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OPV article - interesting read

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  • OPV article - interesting read

    Ive been stung by the Tinker Bug and have been searching around for information on OPVs (Over Pressure Valves) with the view of tinkering with my Saeco Via Venezia. Main purpose is to investigate cheap options to gain more consistency in brewing starting with brew pressure by adding an OPV & pressure gauge.
    I came across this article on OPVs which I thought worth sharing. This is all part of the search for a vaccine before I contract that dreaded upgradeitis which seems to be rampant and an ever present threat!  :P :P :P

    http://myweb.tiscali.co.uk/coffeetim.../OPV_Valve.pdf

    Being fairly new to the sport I soon discovered huge variations in taste especially when the brew temperature is varied. Currently the only way to do this is temperature surfing by varying the length of time before I brew from when the brew light comes on (hence boiler slowly cools before switching heating element back on). Ive gone from a grind setting of 9 before getting bitter coffee down to a 5 by brewing at a slightly lower temperature and am still experimenting. A cheap temperature gauge for the boiler is also on the list.
    As grind and tamping pressure consistency seem to dictate brew pressure without an OPV in the machine, I thought the easy way to knock out this variable might be with an OPV?
    This should ensure consistant 9BAR brew pressure instead of up to 15BAR if all wasnt right with gring / tamping etc. If this isnt cost effective, lots of extra attention to grind and tamping pressure will definetly be required! 

  • #2
    Re: OPV article - interesting read

    Well something to keep in mind perhaps is that if you pack the coffee tighter, or increase the quantity of coffee, you should need a higher pressure to maintain the same flow rate. Youre quite correct that after 9 bar is reached, the OPV means you are at constant extraction pressure. However, the flow rate will still vary depending on your grind, tamp, and also the dose (which is highly important!). So the same operator variables will produce different coffee outcomes and the coffee will still have a significant dependency on them- but I guess the point is that most of the results would be better with the OPV than without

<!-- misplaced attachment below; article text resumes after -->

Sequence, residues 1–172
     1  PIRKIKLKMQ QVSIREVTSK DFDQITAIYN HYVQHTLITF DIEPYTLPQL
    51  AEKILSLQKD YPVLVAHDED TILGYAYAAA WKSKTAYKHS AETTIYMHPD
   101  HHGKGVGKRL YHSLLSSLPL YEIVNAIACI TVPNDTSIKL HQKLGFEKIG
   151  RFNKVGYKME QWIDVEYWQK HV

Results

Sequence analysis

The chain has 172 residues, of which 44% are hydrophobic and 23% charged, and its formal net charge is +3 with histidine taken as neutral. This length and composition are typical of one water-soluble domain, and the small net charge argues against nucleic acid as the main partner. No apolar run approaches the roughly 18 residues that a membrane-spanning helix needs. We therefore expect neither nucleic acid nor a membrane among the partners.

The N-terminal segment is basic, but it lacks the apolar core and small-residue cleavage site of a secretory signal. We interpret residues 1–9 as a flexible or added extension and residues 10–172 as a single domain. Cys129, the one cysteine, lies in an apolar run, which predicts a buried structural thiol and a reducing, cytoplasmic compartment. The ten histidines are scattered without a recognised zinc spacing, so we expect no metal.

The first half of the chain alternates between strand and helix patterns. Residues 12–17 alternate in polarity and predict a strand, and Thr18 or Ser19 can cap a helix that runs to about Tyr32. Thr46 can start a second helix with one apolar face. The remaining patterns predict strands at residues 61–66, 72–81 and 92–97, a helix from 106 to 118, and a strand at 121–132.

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    • #3
      which one fits your Seaco?

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      • #4
        Originally posted by C-man View Post
        which one fits your Seaco?
        To be honest I haven't pursued this modification since I realised the Saeco Via Venezia comes with a mechanical Pressure Release Valve of its own (see link below) between the pump and boiler which empties water back into the reservoir once a set pressure is reached in the boiler.

        http://www.espressocare.com/Qstore/Q...+Release+Valve

        I suppose this works the same as an OPV?

        Haven't pursued it further as I'm comfortable with the results I'm getting now.

        In case you're interested the link below has interesting information as well as good pictures that show the innards of the Via Venezia and how to disassemble it.

        Its for the USA version which is called the 'Starbucks Barista' but the same machine except for being 120V and also has a different steam wand as far as I can tell.